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White House in Talks to Replace HHS Secretary Alex Azar

The Wall Street Journal. logo The Wall Street Journal. 4/26/2020 Stephanie Armour, Rebecca Ballhaus
Alex Azar wearing a suit and tie © Gripas Yuri/Zuma Press

Administration officials are discussing replacing Health and Human Services Secretary Alex Azar following criticism of his management of the early response to the coronavirus pandemic, according to six people familiar with the discussions.

It remains unclear if Mr. Azar will be ousted and in what timeline that might occur. Administration officials said the White House is hesitant to shake up the leadership of HHS during a pandemic, though they acknowledged that frustration with the secretary has been growing in recent weeks.

President Trump is prone to unexpected staffing moves and dismissals, so the decision could still go either way. But people familiar with the discussions say they have accelerated in recent days with a far more serious tone, amid mounting criticism about Mr. Azar’s leadership, including a report in The Wall Street Journal detailing his early missteps in the coronavirus response.

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The president has publicly indicated his own frustrations with Mr. Azar, tweeting earlier this month in response to reports that Mr. Trump didn’t act early enough to respond to coronavirus that Mr. Azar “told me nothing until later.”

The White House denied that there was any imminent plan to replace Mr. Azar. “The Department of Health and Human Services, under the leadership of Secretary Azar, continues to lead on a number of the President’s priorities,” said spokesman Judd Deere. “Any speculation about personnel is irresponsible and a distraction from our whole-of-government response to COVID-19.”

“Secretary Azar is busy responding to a global, public health crisis and doesn’t have time for palace intrigue,” an HHS spokeswoman said Saturday.

Seema Verma, the Centers for Medicare and Medicaid Services administrator, has been frequently discussed as a possible replacement for Mr. Azar, people familiar with the discussions said. Ms. Verma, an ally of Vice President Mike Pence, has had a long-running feud with Mr. Azar that intensified last year when both were summoned to the White House to broker an uneasy truce. Mr. Trump has developed a good relationship with Ms. Verma and often seeks out her counsel, people familiar with the matter said.

In recent weeks, there have been multiple signs that the White House was seeking to exert greater control over HHS. Mark Meadows, the White House chief of staff, has asked John Fleming, a senior adviser to Mr. Meadows, to serve as a liaison between the White House, HHS and the Food and Drug Administration to allow for “constant communication” on vaccine development, an administration official said.

The president earlier this month installed a former campaign aide, Michael Caputo, to serve as assistant secretary for public affairs at HHS. The White House also appointed policy adviser Emily Newman as a liaison to HHS who will oversee the agency’s political hires.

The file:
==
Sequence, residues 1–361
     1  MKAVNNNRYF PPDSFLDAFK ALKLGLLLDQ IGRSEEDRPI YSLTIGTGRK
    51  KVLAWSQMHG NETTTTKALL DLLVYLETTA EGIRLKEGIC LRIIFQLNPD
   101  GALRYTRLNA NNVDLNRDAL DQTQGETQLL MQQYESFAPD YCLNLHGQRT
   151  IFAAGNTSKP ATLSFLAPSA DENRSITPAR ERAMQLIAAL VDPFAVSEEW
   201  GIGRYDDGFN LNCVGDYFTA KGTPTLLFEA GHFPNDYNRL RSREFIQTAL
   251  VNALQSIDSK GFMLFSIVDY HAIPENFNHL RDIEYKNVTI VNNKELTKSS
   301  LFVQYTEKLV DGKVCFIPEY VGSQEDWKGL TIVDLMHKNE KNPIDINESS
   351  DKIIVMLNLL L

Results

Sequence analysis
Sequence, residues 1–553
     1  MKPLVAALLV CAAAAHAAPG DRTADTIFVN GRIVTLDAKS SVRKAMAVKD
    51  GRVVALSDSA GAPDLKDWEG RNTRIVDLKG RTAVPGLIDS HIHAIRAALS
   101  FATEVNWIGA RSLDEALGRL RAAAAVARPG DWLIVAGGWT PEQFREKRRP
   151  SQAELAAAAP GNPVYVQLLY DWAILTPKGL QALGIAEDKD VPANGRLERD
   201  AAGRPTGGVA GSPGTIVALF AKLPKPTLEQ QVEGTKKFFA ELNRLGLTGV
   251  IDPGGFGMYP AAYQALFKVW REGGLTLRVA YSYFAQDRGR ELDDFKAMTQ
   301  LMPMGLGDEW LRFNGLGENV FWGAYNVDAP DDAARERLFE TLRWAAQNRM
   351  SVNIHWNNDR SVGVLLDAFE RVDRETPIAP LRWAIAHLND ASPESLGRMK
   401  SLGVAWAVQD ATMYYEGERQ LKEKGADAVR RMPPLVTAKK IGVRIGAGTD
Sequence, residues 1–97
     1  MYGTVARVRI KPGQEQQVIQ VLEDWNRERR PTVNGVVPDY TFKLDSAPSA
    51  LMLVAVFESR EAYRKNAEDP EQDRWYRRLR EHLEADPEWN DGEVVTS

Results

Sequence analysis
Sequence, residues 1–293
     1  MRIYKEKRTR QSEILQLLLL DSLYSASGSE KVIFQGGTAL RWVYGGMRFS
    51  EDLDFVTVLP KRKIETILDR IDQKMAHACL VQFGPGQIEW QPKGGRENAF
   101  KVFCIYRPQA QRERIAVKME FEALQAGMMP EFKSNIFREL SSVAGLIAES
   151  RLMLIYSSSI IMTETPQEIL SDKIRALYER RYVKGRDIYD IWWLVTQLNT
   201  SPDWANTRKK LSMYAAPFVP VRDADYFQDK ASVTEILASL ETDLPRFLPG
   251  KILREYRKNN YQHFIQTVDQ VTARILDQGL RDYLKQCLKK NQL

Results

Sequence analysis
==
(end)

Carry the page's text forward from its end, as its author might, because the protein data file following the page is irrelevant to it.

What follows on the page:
Since Mr. Azar began serving as HHS secretary in January 2018, he and the president have clashed repeatedly, officials said. Mr. Trump has been critical of the secretary’s handling of drug pricing and of a ban on e-cigarettes, and berated him on the latter issue when Mr. Azar called in late January to brief the president on the potential severity of the coronavirus threat, the Journal has previously reported.

In late February, after a Centers for Disease Control and Prevention official said in a briefing that the administration was preparing for a potential pandemic, a furious Mr. Trump called Mr. Azar on his flight from India to Washington and threatened to oust the official, the Journal has reported. The next day, the president replaced Mr. Azar as head of a White House coronavirus task force with Mr. Pence.

Administration officials, including those on Mr. Pence’s team, were upset over circumstances surrounding the ouster this week of Rick Bright, who had been serving as director of the Biomedical Advanced Research and Development Authority, or Barda. Mr. Azar had framed Dr. Bright’s transfer from Barda director to a National Institutes of Health position as effectively a promotion, and the vice president and other officials were taken aback when they later read a statement from Dr. Bright alleging that his ouster amounted to retaliation.

Dr. Bright said through his lawyers he would ask the HHS inspector general to “investigate the manner in which this Administration has politicized the work of BARDA and has pressured me and other conscientious scientists to fund companies with political connections as well as efforts that lack scientific merit.”

Mr. Azar, 52 years old, served as HHS general counsel and later deputy secretary under President George W. Bush, then worked as the top lobbyist for Eli Lilly & Co., an Indianapolis-based pharmaceutical company. Mr. Trump nominated him as HHS secretary after Tom Price resigned from the post under pressure over hundreds of thousands of dollars he had spent on chartered flights.

Write to Stephanie Armour at stephanie.armour@wsj.com and Rebecca Ballhaus at Rebecca.Ballhaus@wsj.com

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